Political leaders unite in condemnation of Northern Ireland car bombers

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Northern Ireland's political leaders today pledged to defend their power-sharing government against dissident republicans who launched a car bomb attack on a court.

Police said it was a miracle no-one was killed in the explosion outside Newry courthouse in Co Down shortly after 10.30pm yesterday.

Today First Minister Peter Robinson and deputy First Minister Martin McGuinness condemned the attack.

But Chief Constable Matt Baggott was forced to reject Ulster Unionist accusations that police were underestimating the threat presented by dissident groups violently opposed to the peace process.

The entrance of the heavily fortified court complex was badly damaged in the explosion, which occurred close to restaurants and bars as police were still evacuating the area.

Mr Baggott revealed his officers had only 17 minutes to clear nearby buildings before the bomb exploded.

"There is absolutely no excuse for bringing bombs on to our streets in any shape or form, but added to that, the timing which we were given was severely limited," he said.

"This is an attack which broke and damaged places of worship, this is an attack which has damaged the ability of Newry to be at the heart of our economic success, so this is much much more than simply an attack on a court building."

Police were tonight responding to further bomb alerts in north Belfast and in Lurgan, Co Armagh.

The Newry attack was the first since the Democratic Unionist Party (DUP) and Sinn Fein successfully brokered the Hillsborough political deal to stabilise the power-sharing administration led by the two parties.

First Minister Mr Robinson said: "The people who carried out this attack are determined to destroy all that has been achieved in recent months.

"Their sole aim is to return Northern Ireland to its darkest past.

"They will not succeed for I am equally determined that we will continue to move forward and to protect and defend the very same institutions they seek to destroy."

Mr McGuinness said: "I am determined that last night's attack will not undermine the progress we have made.

"The perpetrators are acting against the democratically expressed wishes of all of the people of Ireland.

"They have nothing to offer our society, we will continue on the road we have set out upon to deliver a better future.

"Attacks such as this are futile and serve only to strengthen our resolve."

Today's sitting of the Stormont Assembly opened with condemnations of the Newry attack.

But the deputy leader of the Ulster Unionist Party, Danny Kennedy, called for a strong security response.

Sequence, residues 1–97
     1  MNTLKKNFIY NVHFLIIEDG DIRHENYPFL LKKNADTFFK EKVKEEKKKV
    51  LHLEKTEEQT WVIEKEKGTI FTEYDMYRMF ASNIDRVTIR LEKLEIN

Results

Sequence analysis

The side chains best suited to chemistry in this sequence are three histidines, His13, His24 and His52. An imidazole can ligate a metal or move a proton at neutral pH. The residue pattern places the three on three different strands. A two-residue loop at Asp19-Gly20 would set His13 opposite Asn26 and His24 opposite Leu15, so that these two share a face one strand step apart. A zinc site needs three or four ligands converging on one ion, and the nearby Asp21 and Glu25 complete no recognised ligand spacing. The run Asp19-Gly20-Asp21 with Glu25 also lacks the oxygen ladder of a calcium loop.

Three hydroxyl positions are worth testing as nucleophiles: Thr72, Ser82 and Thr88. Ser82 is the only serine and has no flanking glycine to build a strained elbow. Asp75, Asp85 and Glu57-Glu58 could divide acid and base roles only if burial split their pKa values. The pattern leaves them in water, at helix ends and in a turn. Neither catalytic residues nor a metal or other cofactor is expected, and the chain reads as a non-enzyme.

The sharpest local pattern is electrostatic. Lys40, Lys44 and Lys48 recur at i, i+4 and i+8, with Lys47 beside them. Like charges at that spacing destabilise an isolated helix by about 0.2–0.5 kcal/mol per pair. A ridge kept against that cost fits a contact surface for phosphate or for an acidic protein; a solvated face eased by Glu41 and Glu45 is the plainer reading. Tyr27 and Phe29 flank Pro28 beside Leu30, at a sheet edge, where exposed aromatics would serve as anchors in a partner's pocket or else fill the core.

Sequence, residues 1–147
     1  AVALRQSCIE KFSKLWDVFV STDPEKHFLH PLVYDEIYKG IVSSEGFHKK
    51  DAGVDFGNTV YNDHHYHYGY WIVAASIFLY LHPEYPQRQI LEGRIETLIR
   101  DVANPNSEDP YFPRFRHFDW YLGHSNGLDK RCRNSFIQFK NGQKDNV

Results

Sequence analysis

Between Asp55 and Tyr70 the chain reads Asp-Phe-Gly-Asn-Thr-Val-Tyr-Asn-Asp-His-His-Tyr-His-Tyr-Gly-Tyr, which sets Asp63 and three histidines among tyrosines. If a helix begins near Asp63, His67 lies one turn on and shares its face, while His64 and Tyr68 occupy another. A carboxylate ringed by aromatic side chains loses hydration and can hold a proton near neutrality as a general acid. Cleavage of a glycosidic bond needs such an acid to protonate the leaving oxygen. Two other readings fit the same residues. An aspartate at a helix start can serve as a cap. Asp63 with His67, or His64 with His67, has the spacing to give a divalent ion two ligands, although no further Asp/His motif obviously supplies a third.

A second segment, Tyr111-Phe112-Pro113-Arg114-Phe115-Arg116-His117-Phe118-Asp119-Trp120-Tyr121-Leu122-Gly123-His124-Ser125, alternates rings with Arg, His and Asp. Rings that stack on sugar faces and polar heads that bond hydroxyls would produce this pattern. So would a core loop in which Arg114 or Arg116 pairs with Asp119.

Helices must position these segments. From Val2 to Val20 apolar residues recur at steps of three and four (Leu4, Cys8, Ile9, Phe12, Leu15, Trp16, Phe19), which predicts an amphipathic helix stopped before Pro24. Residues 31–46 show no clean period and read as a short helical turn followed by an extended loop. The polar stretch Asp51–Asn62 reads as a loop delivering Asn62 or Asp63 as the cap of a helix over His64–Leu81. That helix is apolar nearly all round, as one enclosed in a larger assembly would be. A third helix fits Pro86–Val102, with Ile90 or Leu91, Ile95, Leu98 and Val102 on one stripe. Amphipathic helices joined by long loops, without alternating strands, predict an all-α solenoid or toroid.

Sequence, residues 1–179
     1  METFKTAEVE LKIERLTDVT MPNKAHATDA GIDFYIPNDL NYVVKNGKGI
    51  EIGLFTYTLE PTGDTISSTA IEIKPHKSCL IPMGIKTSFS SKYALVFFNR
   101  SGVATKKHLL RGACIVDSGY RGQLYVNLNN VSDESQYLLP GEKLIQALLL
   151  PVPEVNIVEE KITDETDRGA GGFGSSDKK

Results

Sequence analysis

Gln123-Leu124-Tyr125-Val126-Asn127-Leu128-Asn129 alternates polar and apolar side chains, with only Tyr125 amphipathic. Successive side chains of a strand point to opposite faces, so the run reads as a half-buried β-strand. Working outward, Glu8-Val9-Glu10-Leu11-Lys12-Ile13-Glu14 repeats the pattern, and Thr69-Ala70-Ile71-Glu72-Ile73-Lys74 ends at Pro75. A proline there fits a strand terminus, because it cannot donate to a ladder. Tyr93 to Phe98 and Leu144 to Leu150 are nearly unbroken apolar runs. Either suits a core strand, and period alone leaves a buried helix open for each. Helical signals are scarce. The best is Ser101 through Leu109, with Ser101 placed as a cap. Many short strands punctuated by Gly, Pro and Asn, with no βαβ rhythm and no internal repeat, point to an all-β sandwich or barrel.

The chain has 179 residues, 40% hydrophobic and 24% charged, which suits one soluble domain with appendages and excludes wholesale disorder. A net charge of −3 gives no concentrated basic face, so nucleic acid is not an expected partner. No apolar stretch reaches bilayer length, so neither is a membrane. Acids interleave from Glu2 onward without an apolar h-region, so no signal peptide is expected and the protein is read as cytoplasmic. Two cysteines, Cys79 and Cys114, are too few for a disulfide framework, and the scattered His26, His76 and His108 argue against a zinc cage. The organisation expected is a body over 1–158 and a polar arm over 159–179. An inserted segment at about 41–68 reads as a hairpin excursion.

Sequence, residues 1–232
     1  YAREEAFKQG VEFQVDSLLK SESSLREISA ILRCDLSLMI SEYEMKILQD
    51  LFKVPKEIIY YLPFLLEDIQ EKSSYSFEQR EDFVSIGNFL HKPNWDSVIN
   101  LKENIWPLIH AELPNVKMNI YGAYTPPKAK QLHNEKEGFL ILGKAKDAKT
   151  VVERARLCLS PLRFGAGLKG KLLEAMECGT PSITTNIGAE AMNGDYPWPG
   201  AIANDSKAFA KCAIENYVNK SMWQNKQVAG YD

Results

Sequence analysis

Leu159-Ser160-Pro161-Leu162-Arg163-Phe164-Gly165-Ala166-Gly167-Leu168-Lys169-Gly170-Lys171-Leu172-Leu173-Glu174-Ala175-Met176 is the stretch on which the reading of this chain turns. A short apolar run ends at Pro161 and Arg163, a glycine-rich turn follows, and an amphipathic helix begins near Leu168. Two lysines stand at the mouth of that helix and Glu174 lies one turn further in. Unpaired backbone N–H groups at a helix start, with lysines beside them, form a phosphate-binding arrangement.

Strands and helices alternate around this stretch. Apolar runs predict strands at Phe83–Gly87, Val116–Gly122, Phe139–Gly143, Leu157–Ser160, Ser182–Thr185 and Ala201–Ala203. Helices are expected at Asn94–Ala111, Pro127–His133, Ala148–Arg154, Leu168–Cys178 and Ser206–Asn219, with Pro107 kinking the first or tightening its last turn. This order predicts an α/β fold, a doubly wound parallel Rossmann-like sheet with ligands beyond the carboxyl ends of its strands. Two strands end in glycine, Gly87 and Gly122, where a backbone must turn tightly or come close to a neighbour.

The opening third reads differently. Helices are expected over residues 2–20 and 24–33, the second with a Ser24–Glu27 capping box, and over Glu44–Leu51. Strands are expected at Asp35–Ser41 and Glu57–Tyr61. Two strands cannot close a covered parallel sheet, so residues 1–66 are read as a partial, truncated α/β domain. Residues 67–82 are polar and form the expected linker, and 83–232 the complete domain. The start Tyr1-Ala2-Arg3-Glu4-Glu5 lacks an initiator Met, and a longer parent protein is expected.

"I and my party have been concerned for some time that the threats posed by republican dissidents have been viewed with a certain amount of complacency by the chief constable and his senior command, and by senior political figures including the Secretary of State for Northern Ireland, in the mistaken belief that these individuals (dissidents) were unrepresentative and lacked the manpower to cause serious problems," he said.

Mr Baggott rejected the claims, and said: "Everybody knows we have injected significant resources into bringing those people to justice.

"That work continues. There has been a big investment in that and we will continue to invest.

"We are far from taking the dissident threat complacently. We have got many more police officers back on the street, we are continuing to invest in the right capability and technology to tackle the dissident threat."

Northern Ireland Secretary Shaun Woodward, speaking from the United States, criticised Mr Kennedy's remarks.

He told the BBC: "It is absolutely unfair on the police who, half an hour before the bomb went off, went about clearing the area, taking huge personal risks."

Mr Baggott said police had arrested 130 people for dissident activity over the last 15 months.

He said his officers acted quickly and professionally in Newry.

The alarm was raised after the car carrying the bomb, originally estimated by police to be up to 800lb but later put at 250lb, was abandoned after being reversed against the gates of the court.

The blue Mazda vehicle carried registration plates from Co Monaghan.

Two coded bomb warnings were received at a local hospital and business, but residents near the scene claimed members of the public were walking past the area shortly before the explosion.

The gates of the court were blown off and a security hut was damaged, while nearby buildings including a church were hit by the blast.

Debris was strewn around the area, where police forensic teams examined the remnants of the car bomb. The scene is likely to be sealed off for two days.

Prime Minister Gordon Brown strongly condemned the bombers behind the Newry blast.

Irish foreign affairs minister Micheal Martin added: "This attack cannot be justified or excused. Its only purpose was to inflict suffering. Its perpetrators have no mandate or legitimacy."

Leader of the nationalist SDLP Margaret Ritchie, Alliance leader David Ford and leader of the loyalist Progressive Unionist Party Dawn Purvis all condemned the bombing.

The Newry bombing came three days after a failed mortar attack at a police station in the nearby village of Keady, Co Armagh.

Last March, dissidents gunned down two soldiers at Massereene army barracks, Antrim. Two days later they shot dead police constable Stephen Carroll in Craigavon, Co Armagh as he answered a call for help.

Meanwhile, in September police discovered a 600lb bomb in the south Armagh village of Forkhill.

Last month a Catholic police officer was seriously injured in a car bomb attack in Co Antrim while a number of police stations have been shot at several times in recent weeks.